America stutter on day one

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SAN FRANCISCO, October 9 – Tiger Woods turned in a typically dominant performance, but the United States emerged from the first day of the Presidents Cup with just a slim one-point lead over the International team.WOODS_BEND_Woods and partner Steve Stricker clicked in the tricky foursomes format, defeating Australian Geoff Ogilvy and Japanese teen sensation Ryo Ishikawa 6 and 4.

The hosts finished the day with a 3.5-2.5 lead in the biennial match play golf showdown, a Ryder-esque competition which pits the United States against a team drawn from everywhere in the world except Europe.

The United States were denied a larger lead when Justin Leonard missed a three-foot putt to win the last match of the day.

Leonard and Jim Furyk had rallied from 3-down against South Korea’s PGA Champion Yang Yong-Eun and South African Retief Goosen and took a 2-up lead with two to play.

The Internationals birdied 17 to extend the match. The Americans were on the green in two at the par-five 18th, and Furyk’s first putt left Leonard facing a short birdie attempt.

But after Goosen holed his birdie putt, the South African took his cap off as if to concede Leonard’s putt.

After a moment of confusion, Leonard stepped up to putt. His attempt lipped out, the US lost the hole and the match was halved.

Internationals captain Greg Norman said Goosen wasn’t trying to wrong-foot the Americans.

"He thought the match was over," Norman said. "He didn’t concede the putt, he just thought the match was over. It was a legitimate mistake. It was just the intensity of the game."

Leonard shouldered the blame.

"I knew I was going to need to make that little putt. Unfortunately, I missed it," he said.

Added Norman: "The game can be cruel."

The foursomes have sometimes been a stumbling block for the Internationals, who didn’t win a match on the first day of the last Presidents Cup in 2007, when they went on to lose 19.5-14.5.

South African Ernie Els was happy to be just one point adrift heading into Friday’s six fourball matches.

"We are not too despondent about today," Els said. "The first-day foursomes has always been a bit of an Achilles heel to us."

At one point, things were looking even better for the Internationals, who led four of six matches in the early going before the momentum swung in the Americans’ favor.

Woods and Stricker were the only US duo that never trailed in their match.

They notched five birdies in the first nine holes and were 4-up at the turn. They moved 5-up as Ogilvy and Ishikawa bogeyed 10, and Woods drained a 15-footer for birdie to close out the match at 14.

Woods and Stricker missed only two greens and one fairway.

Stricker admitted he felt a little nervous about playing with the fiercely competitive world number one.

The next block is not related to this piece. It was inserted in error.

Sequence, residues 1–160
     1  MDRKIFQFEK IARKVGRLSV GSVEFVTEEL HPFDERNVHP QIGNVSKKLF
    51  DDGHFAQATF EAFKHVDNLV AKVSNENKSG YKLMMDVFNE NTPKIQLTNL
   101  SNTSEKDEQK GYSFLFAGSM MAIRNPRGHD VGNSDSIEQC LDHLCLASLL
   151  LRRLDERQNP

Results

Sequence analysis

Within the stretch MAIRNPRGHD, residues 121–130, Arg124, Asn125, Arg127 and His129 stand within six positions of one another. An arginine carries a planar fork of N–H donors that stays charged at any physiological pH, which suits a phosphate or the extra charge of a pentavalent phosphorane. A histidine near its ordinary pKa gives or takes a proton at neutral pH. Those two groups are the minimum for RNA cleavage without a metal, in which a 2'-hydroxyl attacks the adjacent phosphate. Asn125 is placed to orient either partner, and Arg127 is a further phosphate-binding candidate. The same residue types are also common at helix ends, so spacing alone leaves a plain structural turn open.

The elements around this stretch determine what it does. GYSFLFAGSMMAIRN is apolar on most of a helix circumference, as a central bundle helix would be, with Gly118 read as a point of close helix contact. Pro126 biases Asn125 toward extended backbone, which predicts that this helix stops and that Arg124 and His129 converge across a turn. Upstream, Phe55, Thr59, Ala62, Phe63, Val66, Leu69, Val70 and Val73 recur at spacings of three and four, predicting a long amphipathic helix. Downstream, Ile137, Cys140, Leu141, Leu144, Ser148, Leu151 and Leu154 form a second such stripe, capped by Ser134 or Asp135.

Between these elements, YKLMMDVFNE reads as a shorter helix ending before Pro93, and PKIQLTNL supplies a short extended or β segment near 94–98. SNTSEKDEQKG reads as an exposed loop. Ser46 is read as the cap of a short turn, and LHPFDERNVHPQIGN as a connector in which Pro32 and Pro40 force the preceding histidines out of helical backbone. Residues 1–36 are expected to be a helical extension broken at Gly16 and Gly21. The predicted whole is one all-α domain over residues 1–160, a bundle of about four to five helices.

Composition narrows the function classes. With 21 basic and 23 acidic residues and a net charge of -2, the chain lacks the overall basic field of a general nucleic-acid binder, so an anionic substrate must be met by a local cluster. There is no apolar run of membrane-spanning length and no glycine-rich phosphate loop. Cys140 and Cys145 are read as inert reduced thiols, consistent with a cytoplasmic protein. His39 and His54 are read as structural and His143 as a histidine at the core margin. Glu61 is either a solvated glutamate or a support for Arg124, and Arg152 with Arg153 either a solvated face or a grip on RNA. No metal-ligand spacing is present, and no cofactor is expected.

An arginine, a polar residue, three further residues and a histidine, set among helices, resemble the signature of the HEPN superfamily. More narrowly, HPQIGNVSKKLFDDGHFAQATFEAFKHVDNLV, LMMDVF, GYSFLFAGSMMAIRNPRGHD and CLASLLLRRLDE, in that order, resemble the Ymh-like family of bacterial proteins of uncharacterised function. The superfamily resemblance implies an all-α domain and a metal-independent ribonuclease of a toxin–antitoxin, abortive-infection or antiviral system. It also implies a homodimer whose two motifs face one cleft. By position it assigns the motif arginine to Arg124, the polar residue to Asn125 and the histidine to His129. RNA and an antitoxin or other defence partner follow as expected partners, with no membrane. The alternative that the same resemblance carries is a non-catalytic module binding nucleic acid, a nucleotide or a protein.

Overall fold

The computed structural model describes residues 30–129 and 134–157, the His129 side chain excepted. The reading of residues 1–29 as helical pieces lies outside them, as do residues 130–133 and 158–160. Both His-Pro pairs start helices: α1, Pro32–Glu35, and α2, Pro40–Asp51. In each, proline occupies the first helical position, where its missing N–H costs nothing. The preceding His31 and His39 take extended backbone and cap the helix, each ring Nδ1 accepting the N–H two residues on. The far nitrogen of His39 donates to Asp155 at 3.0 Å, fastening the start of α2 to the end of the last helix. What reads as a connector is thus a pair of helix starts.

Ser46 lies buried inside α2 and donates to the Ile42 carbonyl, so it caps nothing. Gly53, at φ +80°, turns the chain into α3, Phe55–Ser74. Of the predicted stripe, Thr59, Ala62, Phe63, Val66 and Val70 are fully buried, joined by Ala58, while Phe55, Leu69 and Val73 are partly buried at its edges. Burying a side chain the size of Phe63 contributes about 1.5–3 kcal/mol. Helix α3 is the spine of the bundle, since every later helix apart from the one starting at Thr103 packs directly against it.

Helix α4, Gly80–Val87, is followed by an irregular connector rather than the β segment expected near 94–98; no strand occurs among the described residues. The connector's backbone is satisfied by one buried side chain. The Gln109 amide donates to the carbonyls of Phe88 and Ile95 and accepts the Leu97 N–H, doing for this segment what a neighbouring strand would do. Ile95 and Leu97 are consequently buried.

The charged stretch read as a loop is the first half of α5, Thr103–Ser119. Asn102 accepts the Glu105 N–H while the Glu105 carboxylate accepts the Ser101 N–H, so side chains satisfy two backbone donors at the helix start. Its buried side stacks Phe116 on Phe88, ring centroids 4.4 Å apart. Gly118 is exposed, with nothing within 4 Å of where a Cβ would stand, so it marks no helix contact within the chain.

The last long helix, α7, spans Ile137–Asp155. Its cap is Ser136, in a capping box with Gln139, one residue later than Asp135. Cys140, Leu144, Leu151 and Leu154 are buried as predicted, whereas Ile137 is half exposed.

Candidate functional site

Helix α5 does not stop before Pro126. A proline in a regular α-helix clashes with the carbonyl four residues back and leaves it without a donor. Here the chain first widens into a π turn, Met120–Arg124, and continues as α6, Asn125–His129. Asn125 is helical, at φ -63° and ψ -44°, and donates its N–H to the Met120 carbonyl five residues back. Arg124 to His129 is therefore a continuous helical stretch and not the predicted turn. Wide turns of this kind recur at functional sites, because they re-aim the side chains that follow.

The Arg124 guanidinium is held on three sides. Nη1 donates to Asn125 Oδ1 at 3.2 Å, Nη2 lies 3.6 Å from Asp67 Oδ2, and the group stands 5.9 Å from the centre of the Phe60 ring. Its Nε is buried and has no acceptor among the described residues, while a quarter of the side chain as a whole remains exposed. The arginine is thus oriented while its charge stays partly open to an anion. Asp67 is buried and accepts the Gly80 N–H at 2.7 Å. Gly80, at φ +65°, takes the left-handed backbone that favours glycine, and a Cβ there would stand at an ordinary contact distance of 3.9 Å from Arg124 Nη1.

"I didn’t want to feel like he had to hold up my end as well as his end," Stricker said. "In the end, that wasn’t a problem.

"It was a lot of fun," Stricker said. "We did a lot of good things."

Phil Mickelson and Anthony Kim delivered America’s first point, saving their best for last as they closed out a 3 and 2 victory over Canadian Mike Weir and South African Tim Clark with four birdies to win the last four holes.

US captain Fred Couples said Kim and Mickelson, who teamed successfully at the Ryder Cup last year, were eager to go out first and ‘set a tone,’ but they duo couldn’t hit the right notes early.

They were 1-down through the first 12 holes, but came to life with a birdie at 13 that squared a ragged match and launched their winning birdie burst.

Mickelson said a wedge shot from Kim that set up the birdie at 13 was key.

"We just needed one little thing to go our way," Mickelson said. "We needed something to ignite us, and that wedge shot to three feet sure did the trick."

Aussie Adam Scott and Els earned the Internationals’ first point with a 2 and 1 victory over Hunter Mahan and Sean O’Hair.

"It’s an important win," Scott said. "Things were looking good early on, but some matches turned around so we needed this one."

Fiji’s Vijay Singh and Australian Robert Allenby delivered another crucial point for the Internationals as they battled to a 1-up victory over Lucas Glover and Stewart Cink – the reigning US and British Open champions.

The Americans never led, but they never let the Internationals run away with it, and squared the match at 16.

Singh and Allenby regained the lead with a birdie at 17 and claimed the match when they halved the last hole.

Americans Kenny Perry and Zach Johnson won a tight match against Argentina’s Masters champion Angel Cabrera and Colombian Camilo Villegas 2-up.

The match had been all-square from the 10th when the Americans gained the advantage with a birdie at 16. After 17 was halved, the Perry and Johnson sealed the win at the last after Cabrera was in a bunker off the tee.

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